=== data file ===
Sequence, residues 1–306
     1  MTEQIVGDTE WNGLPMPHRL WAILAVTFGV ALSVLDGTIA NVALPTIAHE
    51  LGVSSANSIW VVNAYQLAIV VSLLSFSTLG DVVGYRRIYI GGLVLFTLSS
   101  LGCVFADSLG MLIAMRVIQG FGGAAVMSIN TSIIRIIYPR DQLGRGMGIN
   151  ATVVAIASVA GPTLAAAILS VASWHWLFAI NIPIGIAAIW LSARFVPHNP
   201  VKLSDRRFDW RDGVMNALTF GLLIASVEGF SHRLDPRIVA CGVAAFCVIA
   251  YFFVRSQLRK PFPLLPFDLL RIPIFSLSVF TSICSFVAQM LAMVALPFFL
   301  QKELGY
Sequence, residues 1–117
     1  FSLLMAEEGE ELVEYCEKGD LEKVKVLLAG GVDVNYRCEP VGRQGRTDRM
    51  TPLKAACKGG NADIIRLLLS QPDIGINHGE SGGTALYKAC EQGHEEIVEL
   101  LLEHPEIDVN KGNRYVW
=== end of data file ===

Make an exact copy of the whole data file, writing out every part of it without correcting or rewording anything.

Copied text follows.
Sequence, residues 1–306
     1  MTEQIVGDTE WNGLPMPHRL WAILAVTFGV ALSVLDGTIA NVALPTIAHE
    51  LGVSSANSIW VVNAYQLAIV VSLLSFSTLG DVVGYRRIYI GGLVLFTLSS
   101  LGCVFADSLG MLIAMRVIQG FGGAAVMSIN TSIIRIIYPR DQLGRGMGIN
   151  ATVVAIASVA GPTLAAAILS VASWHWLFAI NIPIGIAAIW LSARFVPHNP
   201  VKLSDRRFDW RDGVMNALTF GLLIASVEGF SHRLDPRIVA CGVAAFCVIA
   251  YFFVRSQLRK PFPLLPFDLL RIPIFSLSVF TSICSFVAQM LAMVALPFFL
   301  QKELGY
Sequence, residues 1–117
     1  FSLLMAEEGE ELVEYCEKGD LEKVKVLLAG GVDVNYRCEP VGRQGRTDRM
    51  TPLKAACKGG NADIIRLLLS QPDIGINHGE SGGTALYKAC EQGHEEIVEL
   101  LLEHPEIDVN KGNRYVW